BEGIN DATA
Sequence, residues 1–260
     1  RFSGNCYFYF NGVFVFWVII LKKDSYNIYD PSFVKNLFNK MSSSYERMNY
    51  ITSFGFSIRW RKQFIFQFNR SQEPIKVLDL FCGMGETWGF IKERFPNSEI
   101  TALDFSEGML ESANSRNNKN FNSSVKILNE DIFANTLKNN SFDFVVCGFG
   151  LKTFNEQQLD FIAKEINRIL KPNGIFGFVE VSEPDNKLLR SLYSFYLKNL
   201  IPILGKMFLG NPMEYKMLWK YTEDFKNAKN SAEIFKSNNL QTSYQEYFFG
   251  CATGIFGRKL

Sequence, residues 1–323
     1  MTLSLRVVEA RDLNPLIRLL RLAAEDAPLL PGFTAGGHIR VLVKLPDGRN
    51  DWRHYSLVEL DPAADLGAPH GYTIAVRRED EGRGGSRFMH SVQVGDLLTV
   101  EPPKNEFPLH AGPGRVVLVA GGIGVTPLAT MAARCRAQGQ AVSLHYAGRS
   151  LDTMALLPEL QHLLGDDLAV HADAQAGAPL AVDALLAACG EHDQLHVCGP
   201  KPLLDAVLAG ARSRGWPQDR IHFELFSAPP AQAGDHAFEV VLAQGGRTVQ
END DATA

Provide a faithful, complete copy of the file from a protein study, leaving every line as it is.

Sequence, residues 1–260
     1  RFSGNCYFYF NGVFVFWVII LKKDSYNIYD PSFVKNLFNK MSSSYERMNY
    51  ITSFGFSIRW RKQFIFQFNR SQEPIKVLDL FCGMGETWGF IKERFPNSEI
   101  TALDFSEGML ESANSRNNKN FNSSVKILNE DIFANTLKNN SFDFVVCGFG
   151  LKTFNEQQLD FIAKEINRIL KPNGIFGFVE VSEPDNKLLR SLYSFYLKNL
   201  IPILGKMFLG NPMEYKMLWK YTEDFKNAKN SAEIFKSNNL QTSYQEYFFG
   251  CATGIFGRKL

Sequence, residues 1–323
     1  MTLSLRVVEA RDLNPLIRLL RLAAEDAPLL PGFTAGGHIR VLVKLPDGRN
    51  DWRHYSLVEL DPAADLGAPH GYTIAVRRED EGRGGSRFMH SVQVGDLLTV
   101  EPPKNEFPLH AGPGRVVLVA GGIGVTPLAT MAARCRAQGQ AVSLHYAGRS
   151  LDTMALLPEL QHLLGDDLAV HADAQAGAPL AVDALLAACG EHDQLHVCGP
   201  KPLLDAVLAG ARSRGWPQDR IHFELFSAPP AQAGDHAFEV VLAQGGRTVQ